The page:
Degrees of Difficulty: Plan to Add Baccalaureate Programs at Chatt State is Going Nowhere Fast

Tim Goral's picture

Chattanooga State President Jim Catanzaro wants you to stay in school — specifically, his school.

Catanzaro, who brought training centers from Germany, who opened a $33 million health science center, whom the Gallup Organization calls a "Maximizer," now wants to add five applied science bachelor's degrees to his community college. He first proposed the addition to the Tennessee Board of Regents and has been lobbying ever since.

By 2018, he hopes, Chattanooga State will graduate about 60 students per year with these degrees not currently offered by area four-year institutions.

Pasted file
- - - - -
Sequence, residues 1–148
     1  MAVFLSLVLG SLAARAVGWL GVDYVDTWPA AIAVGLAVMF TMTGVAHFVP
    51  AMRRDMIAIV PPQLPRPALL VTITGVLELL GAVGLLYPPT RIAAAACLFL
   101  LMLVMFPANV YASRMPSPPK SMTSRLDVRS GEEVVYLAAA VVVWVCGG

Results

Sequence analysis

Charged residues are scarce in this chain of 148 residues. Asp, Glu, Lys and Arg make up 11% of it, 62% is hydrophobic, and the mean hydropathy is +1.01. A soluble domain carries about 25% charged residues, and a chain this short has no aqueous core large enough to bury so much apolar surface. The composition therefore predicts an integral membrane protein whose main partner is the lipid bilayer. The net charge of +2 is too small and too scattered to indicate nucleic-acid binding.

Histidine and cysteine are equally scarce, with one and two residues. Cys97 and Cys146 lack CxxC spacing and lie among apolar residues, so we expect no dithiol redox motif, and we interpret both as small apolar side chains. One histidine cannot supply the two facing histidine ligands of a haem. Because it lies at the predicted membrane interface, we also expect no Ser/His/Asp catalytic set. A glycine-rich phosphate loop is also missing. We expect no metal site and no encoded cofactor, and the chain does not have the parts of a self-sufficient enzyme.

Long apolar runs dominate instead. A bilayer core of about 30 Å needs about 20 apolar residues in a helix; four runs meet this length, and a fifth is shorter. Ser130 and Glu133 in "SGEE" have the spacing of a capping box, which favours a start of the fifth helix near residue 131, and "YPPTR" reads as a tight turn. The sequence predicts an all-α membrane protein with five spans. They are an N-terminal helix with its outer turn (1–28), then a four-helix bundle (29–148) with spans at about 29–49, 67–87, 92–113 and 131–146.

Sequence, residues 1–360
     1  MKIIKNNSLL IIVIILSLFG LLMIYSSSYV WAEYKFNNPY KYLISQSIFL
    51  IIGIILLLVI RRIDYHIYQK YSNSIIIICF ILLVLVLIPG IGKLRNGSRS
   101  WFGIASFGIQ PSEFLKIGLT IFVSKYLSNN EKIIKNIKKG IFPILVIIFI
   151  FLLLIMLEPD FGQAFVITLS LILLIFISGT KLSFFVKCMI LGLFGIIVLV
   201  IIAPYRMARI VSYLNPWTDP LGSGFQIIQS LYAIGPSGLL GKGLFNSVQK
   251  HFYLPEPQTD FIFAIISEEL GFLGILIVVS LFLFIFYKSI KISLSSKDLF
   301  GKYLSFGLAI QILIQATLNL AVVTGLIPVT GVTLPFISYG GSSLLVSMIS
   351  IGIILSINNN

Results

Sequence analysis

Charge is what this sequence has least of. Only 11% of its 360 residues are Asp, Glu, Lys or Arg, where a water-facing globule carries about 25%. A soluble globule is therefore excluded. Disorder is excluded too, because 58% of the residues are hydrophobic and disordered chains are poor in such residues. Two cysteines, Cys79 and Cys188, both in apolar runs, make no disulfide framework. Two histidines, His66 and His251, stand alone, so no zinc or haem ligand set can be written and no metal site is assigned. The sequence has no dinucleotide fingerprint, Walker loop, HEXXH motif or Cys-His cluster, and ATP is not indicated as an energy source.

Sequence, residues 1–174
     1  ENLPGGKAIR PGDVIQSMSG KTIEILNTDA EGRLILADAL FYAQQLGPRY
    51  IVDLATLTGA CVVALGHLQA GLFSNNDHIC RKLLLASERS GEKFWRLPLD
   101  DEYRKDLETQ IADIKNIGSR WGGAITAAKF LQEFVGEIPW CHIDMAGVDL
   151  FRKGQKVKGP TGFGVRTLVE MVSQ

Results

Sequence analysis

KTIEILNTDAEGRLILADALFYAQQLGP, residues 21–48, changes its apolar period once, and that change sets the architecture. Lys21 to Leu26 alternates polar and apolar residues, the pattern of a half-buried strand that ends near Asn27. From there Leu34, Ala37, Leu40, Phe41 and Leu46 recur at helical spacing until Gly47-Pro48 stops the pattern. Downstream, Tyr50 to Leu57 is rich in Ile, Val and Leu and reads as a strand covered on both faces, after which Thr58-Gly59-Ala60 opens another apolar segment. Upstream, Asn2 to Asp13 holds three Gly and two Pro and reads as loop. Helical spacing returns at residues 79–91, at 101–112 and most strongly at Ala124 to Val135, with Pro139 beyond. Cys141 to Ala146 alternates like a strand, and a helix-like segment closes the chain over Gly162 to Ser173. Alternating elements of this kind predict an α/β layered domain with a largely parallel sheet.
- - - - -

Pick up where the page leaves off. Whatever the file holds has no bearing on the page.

And though more states are deciding to do what Catanzaro proposes, he is running in the opposite direction of Tennessee leaders. They want community colleges to remain two-year institutions. And they want those two-year institutions preparing many students to transfer to universities.

Grady Bogue, interim chancellor at the University of Tennessee at Chattanooga, said adding bachelor's degrees at Chattanooga State would depart from the original mission of a community college.

Catanzaro's plan could open a door that, once opened, won't close. Other community colleges could follow with similar proposals.

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